As for Amazon not caring about your individual shipping needs as long as it keeps costs down? You're absolutely correct. They don't. They're a business out to make money and one of the ways to do that is to keep costs down as low as possible while not reaching the tipping point whereby taking care of the problems that arise is more expensive than the money saved on a process. They ship things as cheaply as possible, even for Prime members. On the vast majority of orders (and this is a huge amount of orders), things don't get damaged and all is good. Sometimes they do and Amazon is pretty good about issuing replacements or refunds, depending on what is available. The few orders they have to replace are a drop in the bucket next to the money they save by using the most inexpensive shipping materials and methods. Look at it this way, though. Amazon is still really good at making sure the customer either has a refund or replacement. A lot of places aren't.

    Are there smaller companies that take more care in their shipping methods? You bet. With that said, you usually end up paying more for the item and shipping at one of those smaller companies. You want it fast and cheap? You go with Amazon and usually end up okay. You want white glove service and immaculately-packaged items? You pay more and go with a smaller company.

    I can totally understand everyone's frustrations with Amazon. Believe me, I call them on the carpet when they have screwed up or I know I'm being lied to by a CSA. With that said, I've seen it from the other side and can tell you that the majority of the folks at Amazon are decent folks who truly do the best they can under the circumstances they're handed from Seattle. I've seen folks in both Customer Service and the Shipping Dept. go out of their way to make sure that someone has a last-minute Christmas gift or something that is needed for someone who is not long for this world. The majority of the people are good and decent. There are also those who should lose their jobs immediately and who tend to bring down the reputation of the company because of laziness, spite, and greed.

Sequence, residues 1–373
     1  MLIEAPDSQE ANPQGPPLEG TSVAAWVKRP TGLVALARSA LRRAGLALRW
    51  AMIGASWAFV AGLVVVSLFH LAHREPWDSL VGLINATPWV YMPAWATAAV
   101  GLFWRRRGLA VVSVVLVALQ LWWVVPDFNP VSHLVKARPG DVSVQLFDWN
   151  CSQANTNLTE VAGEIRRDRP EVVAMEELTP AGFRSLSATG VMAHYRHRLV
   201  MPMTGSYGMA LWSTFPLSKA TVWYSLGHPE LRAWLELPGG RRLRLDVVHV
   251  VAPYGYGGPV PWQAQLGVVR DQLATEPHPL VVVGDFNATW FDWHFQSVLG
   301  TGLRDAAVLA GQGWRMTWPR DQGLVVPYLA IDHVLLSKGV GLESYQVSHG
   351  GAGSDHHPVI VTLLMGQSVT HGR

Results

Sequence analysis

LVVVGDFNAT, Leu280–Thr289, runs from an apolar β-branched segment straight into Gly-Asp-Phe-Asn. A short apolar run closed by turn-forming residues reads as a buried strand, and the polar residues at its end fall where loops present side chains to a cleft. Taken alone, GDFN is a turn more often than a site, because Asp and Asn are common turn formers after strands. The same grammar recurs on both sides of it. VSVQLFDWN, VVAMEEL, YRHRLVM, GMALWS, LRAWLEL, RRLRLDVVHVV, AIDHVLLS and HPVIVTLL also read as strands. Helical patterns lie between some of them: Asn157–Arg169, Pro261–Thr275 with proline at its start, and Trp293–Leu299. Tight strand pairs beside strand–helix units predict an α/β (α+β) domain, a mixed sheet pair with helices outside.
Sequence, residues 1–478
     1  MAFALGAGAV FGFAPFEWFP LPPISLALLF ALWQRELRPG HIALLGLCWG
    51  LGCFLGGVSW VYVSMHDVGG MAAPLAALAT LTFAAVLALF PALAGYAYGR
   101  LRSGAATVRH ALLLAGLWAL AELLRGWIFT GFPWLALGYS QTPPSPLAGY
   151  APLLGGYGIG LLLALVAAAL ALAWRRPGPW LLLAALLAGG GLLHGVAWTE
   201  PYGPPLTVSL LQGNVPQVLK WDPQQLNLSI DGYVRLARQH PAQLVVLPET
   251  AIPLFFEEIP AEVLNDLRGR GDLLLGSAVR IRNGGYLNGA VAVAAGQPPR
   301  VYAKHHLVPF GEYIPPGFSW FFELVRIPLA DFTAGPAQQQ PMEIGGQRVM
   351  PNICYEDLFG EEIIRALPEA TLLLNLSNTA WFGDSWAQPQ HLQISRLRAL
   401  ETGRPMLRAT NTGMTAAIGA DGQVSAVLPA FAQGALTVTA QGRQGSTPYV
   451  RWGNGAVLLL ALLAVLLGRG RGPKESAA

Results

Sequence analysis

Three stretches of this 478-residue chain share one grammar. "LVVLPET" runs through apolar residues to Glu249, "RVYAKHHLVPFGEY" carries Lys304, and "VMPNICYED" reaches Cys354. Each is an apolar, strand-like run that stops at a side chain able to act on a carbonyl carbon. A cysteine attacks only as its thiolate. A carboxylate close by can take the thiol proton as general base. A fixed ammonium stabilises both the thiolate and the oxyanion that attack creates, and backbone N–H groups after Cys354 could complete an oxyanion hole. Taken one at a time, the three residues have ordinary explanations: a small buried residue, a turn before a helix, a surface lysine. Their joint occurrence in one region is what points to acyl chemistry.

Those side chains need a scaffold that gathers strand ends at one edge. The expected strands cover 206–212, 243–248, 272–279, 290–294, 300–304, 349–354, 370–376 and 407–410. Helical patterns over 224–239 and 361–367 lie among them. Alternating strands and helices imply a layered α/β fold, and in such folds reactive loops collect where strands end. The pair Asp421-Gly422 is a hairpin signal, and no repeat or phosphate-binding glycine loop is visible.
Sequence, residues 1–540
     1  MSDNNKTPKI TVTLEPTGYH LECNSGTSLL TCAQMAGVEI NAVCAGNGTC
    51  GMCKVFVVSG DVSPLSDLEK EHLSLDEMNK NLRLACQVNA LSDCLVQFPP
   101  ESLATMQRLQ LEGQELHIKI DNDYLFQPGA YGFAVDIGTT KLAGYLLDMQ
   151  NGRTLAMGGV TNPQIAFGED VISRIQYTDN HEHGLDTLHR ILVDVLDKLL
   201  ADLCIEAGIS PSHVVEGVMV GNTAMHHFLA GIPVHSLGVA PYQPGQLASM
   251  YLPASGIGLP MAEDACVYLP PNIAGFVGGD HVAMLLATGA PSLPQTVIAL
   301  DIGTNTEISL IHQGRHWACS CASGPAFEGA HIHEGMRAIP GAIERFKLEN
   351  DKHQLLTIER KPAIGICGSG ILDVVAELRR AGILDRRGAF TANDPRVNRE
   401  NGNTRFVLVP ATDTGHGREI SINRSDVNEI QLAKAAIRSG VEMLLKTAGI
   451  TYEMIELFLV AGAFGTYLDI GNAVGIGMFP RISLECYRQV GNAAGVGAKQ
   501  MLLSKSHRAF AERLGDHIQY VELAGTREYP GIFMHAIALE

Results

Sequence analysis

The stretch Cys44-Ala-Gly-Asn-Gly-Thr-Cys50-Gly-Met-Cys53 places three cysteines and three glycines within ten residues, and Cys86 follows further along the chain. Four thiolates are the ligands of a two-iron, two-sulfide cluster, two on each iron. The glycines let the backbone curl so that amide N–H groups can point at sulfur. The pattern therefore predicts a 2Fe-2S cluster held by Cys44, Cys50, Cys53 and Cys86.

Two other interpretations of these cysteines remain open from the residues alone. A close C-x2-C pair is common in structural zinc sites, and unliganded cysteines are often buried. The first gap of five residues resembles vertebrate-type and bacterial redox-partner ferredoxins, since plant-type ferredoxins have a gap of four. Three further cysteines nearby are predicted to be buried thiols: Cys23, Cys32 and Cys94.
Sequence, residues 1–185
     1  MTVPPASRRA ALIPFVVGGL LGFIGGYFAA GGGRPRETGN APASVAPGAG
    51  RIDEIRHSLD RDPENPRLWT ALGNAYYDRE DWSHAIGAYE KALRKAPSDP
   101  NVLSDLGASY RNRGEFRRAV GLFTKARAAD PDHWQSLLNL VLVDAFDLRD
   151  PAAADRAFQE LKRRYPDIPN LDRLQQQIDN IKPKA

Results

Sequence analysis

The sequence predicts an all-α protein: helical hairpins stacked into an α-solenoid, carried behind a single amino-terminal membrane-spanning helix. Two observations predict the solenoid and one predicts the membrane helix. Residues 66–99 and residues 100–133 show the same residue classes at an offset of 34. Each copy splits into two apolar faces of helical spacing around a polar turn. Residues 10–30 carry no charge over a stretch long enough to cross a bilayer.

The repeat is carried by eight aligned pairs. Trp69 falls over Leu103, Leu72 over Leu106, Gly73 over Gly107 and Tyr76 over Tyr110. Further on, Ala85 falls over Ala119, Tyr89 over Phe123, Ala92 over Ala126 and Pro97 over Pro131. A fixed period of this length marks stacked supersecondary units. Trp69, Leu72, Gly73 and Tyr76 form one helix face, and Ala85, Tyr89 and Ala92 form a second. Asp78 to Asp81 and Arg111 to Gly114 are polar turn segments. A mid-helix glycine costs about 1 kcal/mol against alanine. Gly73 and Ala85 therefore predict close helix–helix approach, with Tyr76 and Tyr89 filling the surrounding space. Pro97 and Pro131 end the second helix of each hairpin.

Hope my response helped.

  28. The primary reason I only really buy dvds/blurays from amazon or costco, is that too many local offline retailers give you the fifth degree whenever there's problems with defective discs and you ask for an exchange. In this regard, amazon and costco are the least problematic.

    Not worth the time and headaches anymore (along with wasted gasoline), in dealing with local retailers who are a crapshoot when it comes to getting an exchange for defective dvd/bluray discs. They lost my business a long time ago, and they can go screw themselves !!!